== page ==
The episode starts, more or less, right there then continues in a see-sawing manner between historical sexual subtext and post-modern political realization. Jerry, talking to Elaine is quite the cave man manner, articulates that as her former boyfriend should be prompted when she begins seeing potential suitors that Jerry may know. From there he doubles down on the dodgy point and claims he could never see Elaine dating such a person (in this case someone he views as lowly as a mechanic). Elaine, hinting to a cultural sexual fetish that Jerry clearly isn’t aware of (but then emasculated by), gives Jerry a detailed synopsis of why she does, complete with a cultural reference (the animal sexuality of Stanley Kowalski in A Streetcar Named Desire). This opening scene is one of importance for framing purposes; it shows how at odds the pair are morally, historically (meaning they—as symbols—aren’t at the same points in their cultural sexual evolution) and initiatively (plus, the opening stand up monologue even reinforces this exchange as Jerry laments about the inadequacy men feel when they can’t fix a car as their wife/girlfriend sits looking on). The rest of the episode will see every pair at odds similarly; George is inept to Jerry’s more advanced Lothario posturing but when put to the potential of losing money (by way of losing a trustworthy mechanic) he decides that money and secure transportation are more important than intricate maneuvers in the sexual realm. Elaine meanwhile offers the interesting female position; one of historical submission mixed interestingly with individual independence, where she pleads to wanting the move performed on her to satisfy her urges and desires no matter where it originated, nor by whom.

Reading the episode in this way is perhaps most clearly seeing in the clear historical conflict born in Kramer mistakenly replicating Frank Costanza’s ‘move’ on his wife Estelle (Itself a wonderfully comedic scene; as Kramer gets calls from passers by in his car of ‘Ass Man’ due to his mistakenly receiving another’s vanity plates. Estelle thinks these are calls for him ‘pulling her’—with the implication that she now views herself as a fine ‘piece of ass’ [we must stick to the nomenclature that the license plate would imply] so that when he brakes after hitting a pot hole she see his bracing grab as a sexual advance not what it actually is, a mere safety precaution.). There are then a whirlwind of differences, all reinforcing my points. First, the difference in age and social tie invest Frank in both protecting his move (born in another era), but more importantly, his wife. Even though he and Estelle are technically separated, he is ready to come to blows with Kramer (the line between chivalry and machismo has always been razor thin). Compared to Jerry who has no regard for his move when put against economics, or George’s cheating in replicating the move (sex as mere following a text manual rather than sensual expression is a clear historical evolution—from no longer primitive to ‘refined’—of the act), or heck even David Putty’s trashing of the unspoken code that Frank partly so wants to protect in the stealing of others (in this case Jerry’s) move(s), Frank seems an altogether different animal, from a different time. His immediate resorting to violence in handling Kramer would imply barbaric primitivism, while our culture would state that his protecting of Estelle in such a manner is ‘the right thing to do’ (even if it is itself also an act from a bygone, outdated era). Elaine throughout offers the wonderful counterpoints again—as I said in the piece for ‘The Bizarro Jerry’ at number 22, she was always the shows moral, or conceptual compass—pointing out where the boys shortcomings exist (in theory and practice) and how she feels the next sexual epoch should be ushered into existence.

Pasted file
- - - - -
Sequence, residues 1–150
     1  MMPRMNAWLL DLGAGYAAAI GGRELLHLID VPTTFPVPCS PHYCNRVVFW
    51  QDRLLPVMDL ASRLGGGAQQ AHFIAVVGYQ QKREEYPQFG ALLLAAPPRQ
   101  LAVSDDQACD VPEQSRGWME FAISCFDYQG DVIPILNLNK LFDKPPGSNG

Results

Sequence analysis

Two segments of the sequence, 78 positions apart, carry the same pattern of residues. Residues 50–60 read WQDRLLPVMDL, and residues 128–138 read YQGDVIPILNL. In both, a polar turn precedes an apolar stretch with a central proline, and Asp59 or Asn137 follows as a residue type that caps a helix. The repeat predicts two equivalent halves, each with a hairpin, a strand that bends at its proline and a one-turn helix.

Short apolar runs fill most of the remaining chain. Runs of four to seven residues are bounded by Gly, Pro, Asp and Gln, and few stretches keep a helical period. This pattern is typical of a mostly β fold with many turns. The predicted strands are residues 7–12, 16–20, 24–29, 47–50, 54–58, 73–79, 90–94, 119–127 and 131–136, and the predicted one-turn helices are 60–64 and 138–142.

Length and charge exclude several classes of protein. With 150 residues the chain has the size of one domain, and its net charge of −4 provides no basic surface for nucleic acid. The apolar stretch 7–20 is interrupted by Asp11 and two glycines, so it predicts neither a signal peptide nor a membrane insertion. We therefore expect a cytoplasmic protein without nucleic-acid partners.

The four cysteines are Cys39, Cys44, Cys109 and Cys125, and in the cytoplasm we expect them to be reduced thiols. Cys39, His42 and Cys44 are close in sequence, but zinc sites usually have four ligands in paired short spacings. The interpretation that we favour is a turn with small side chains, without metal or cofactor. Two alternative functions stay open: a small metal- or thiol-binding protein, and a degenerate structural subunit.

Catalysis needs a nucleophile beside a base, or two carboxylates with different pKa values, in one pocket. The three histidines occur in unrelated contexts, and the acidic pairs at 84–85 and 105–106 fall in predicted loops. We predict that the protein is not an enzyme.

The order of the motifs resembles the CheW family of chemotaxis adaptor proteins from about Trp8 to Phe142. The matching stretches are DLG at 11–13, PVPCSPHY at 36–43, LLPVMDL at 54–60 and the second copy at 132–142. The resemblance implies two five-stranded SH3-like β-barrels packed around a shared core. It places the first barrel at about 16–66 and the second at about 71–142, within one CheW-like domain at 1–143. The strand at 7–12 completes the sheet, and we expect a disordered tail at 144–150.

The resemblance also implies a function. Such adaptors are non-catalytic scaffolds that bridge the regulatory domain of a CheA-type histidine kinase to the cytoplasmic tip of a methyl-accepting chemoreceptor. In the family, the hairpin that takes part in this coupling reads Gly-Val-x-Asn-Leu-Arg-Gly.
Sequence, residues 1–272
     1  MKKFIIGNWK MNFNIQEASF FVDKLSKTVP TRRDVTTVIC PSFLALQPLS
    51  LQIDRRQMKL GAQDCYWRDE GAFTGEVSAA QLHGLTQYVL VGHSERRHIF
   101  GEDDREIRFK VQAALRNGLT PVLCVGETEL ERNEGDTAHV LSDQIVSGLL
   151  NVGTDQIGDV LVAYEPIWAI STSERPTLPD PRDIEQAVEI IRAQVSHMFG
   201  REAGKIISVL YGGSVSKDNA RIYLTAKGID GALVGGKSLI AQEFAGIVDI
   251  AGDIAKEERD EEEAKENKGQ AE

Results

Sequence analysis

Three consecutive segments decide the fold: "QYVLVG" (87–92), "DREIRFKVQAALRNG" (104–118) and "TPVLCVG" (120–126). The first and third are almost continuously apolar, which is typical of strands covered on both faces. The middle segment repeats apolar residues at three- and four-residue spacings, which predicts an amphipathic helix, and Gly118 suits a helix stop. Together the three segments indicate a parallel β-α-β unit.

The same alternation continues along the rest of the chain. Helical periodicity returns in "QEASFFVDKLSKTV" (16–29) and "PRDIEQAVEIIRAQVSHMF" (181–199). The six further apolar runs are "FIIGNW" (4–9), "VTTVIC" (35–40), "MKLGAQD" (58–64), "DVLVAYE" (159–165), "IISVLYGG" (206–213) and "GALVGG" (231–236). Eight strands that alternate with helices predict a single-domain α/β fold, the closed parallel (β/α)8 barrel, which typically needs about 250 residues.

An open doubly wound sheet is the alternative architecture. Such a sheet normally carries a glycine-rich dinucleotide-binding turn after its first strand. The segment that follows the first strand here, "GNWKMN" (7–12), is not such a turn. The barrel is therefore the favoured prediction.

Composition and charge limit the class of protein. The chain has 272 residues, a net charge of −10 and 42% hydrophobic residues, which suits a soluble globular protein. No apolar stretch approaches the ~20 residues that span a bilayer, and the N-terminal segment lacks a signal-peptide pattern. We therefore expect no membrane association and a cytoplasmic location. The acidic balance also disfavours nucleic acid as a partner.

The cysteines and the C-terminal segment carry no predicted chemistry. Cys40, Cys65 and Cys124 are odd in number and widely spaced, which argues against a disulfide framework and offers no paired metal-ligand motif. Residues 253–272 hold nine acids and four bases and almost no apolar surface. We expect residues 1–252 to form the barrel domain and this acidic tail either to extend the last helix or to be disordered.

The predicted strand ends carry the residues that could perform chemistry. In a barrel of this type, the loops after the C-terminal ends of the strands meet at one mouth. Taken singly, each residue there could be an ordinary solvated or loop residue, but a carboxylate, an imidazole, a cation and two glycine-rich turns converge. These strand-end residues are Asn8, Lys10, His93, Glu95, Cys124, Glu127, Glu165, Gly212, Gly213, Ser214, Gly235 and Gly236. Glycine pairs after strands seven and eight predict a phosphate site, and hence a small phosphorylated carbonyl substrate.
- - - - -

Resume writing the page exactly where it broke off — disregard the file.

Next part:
One wouldn’t think that a show from a usually light weight genre—the sitcom—would produce such contemplation on this topic (or anything serious for that matter), but in these two back-to-back pieces on episodes appearing years apart in network airing, Seinfeld does just that. The fact that these did air years apart is an important one, here is a show sustaining and articulating themes and points. One is a coincidence, twice not an accident; Seinfeld could reexamine something while it reexamined itself, we just have to wonder if Larry David looked in the mirror  and said, “hey, that’s my move!”